Monthly Archives: February 2022

Rising Food Costs Impact CCFB

Up and down the market’s aisles, groceries keep getting more expensive. Due to many issues, including transportation expenses and supply chain problems, the receipts are noticeably higher each grocery trip, and some items aren’t available. While you are navigating higher prices on essentials like gas and groceries, so are we at the Chester County Food Bank. In addition to rising costs, we are also seeing an increased demand for food assistance. Many households are being forced to adjust their shopping lists or they are seeking help from food cupboards, some for the first time.

“Prices are rising just as we continue to work through ways to meet demand,” said Catie Hargraves, Director of Procurement and Distribution. “Last year we received dairy, meat, and produce boxes through the USDA’s Farm to Family Covid Response, but funding was not renewed for the supplemental program this year.”  “Fresh produce pricing always increases during the off-season,” Hargraves continued, “We are seeing some prices up as much as 40% – the highest price increases in over five years.” It is increasingly difficult for our wholesale cooperative partner to acquire produce at a reasonable cost and some fruits and vegetables are not available in the current market. Some weeks, to meet the need, we have had to resort to purchasing from wholesalers at double and triple the cost.” 

In addition to pre-packed produce boxes, the Chester County Food Bank strives to provide clients with four to six fruits and vegetables per week through distributions to our network of 160 hunger relief partners, like food cupboards.

“Cauliflower and broccoli are two of the most frequently requested items from clients to our partner food cupboards,” said Hargraves. Our buying power typically enables us to bring in products at far lower than retail value, but right now the wholesale costs are mirroring grocery store increases.

In 2021, 50% of the 3.5 million pounds of food distributed by the Chester County Food Bank was fresh fruits and vegetables. We hope to sustain this high volume and variety of healthy food for our network of community partners that distribute to our neighbors in need.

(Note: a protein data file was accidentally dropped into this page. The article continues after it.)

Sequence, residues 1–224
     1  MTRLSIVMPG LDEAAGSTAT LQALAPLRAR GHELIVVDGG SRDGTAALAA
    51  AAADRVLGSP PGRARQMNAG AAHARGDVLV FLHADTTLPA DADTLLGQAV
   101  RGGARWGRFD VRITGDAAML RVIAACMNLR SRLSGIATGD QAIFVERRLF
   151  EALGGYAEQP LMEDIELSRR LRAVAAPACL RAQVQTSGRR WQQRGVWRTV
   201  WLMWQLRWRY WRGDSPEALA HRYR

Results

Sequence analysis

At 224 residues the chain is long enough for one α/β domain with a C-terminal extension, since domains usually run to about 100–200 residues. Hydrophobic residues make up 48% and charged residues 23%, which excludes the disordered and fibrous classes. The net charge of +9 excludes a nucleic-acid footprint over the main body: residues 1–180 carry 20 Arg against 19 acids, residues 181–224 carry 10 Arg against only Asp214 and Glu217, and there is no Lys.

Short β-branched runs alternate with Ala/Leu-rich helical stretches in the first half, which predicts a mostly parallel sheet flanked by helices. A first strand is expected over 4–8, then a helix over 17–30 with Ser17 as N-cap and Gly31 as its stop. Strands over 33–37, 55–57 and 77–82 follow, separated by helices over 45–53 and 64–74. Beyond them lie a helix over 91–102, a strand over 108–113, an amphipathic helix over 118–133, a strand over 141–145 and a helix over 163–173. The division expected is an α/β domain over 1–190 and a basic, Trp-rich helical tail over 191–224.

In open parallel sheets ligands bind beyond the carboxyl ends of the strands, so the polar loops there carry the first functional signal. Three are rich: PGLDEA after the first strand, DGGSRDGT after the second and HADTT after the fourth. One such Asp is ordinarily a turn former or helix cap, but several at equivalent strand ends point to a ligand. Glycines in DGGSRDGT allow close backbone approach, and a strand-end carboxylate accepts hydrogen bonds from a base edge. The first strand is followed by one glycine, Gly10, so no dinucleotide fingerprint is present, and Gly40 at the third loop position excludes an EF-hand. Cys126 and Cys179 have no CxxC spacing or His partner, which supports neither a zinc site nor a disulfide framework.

The pandemic has exacerbated the issues of families who were already facing an uphill battle. Food insecurity has increased nearly 3% in our county, and the ripple effects persist. We remain committed to addressing food insecurity and securing adequate funding is essential to our organization’s success, particularly during a time when contributions are down, and food insecurity is increasing.

The surge in food prices has everyone’s attention, no matter your economic status. Managing higher costs on needs like housing or medicine is much more difficult for people with limited means. When prices go up, there is less slack in the budget causing further hardship.

“I get $25 in food stamps,” says Theresa, who lives with her brother and two grandchildren.  “I have COPD and diabetes, so it’s expensive. I wouldn’t be here at the cupboard if I didn’t need it. Seeing the pantry items, dairy, sweet potatoes, and broccoli go into my car – I am grateful for the food bank. We can use all we can get.”

The pandemic is not over, and our neighbors – families, seniors, and veterans continue to struggle. Despite these uncertainties, we are committed to our holistic and sustainable approach to addressing the pressing need of food-insecure families in Chester County.

How can you help? Learn more about the Chester County Food Bank and support its mission by visiting www.chestercountyfoodbank.org/donate. Host a virtual food drive to help offset food purchasing. Every dollar counts! We can purchase nearly 5x more with every donated dollar.

If you are in need of food assistance, visit www.chestercountyfodobank.org/needfood or call 610-873-6000.

Meet Our Community Partner: Great Valley Food Cupboard

At the Chester County Food Bank, we’re proud to partner with a number of like-minded organizations around our region, whose missions align with ours.

One such partner is the Great Valley Food Cupboard (GVFC), in Devon. Since 2012, this community-oriented food pantry has made it its mission to help families fill their refrigerators and kitchen shelves with extra food each month. Its tagline is “Compassion in Action,” which is visible each week as it opens its doors to neighbors from surrounding communities. All those who visit the Great Valley Food Cupboard are treated with dignity and respect, and their needs are met with care that’s free of judgment.

Run by a volunteer staff, the GVFC is open each Tuesday from 11 a.m. to 2 p.m., and the second Wednesday of each month from 6 to 8 p.m. During these hours, residents from the Tredyffrin Easttown School District and Great Valley School District are welcome to come to the cupboard, located in the Education Building of The Baptist Church in the Great Valley at 945 N. Valley Forge Rd. in Devon. GVFC serves more than 250 individuals every month.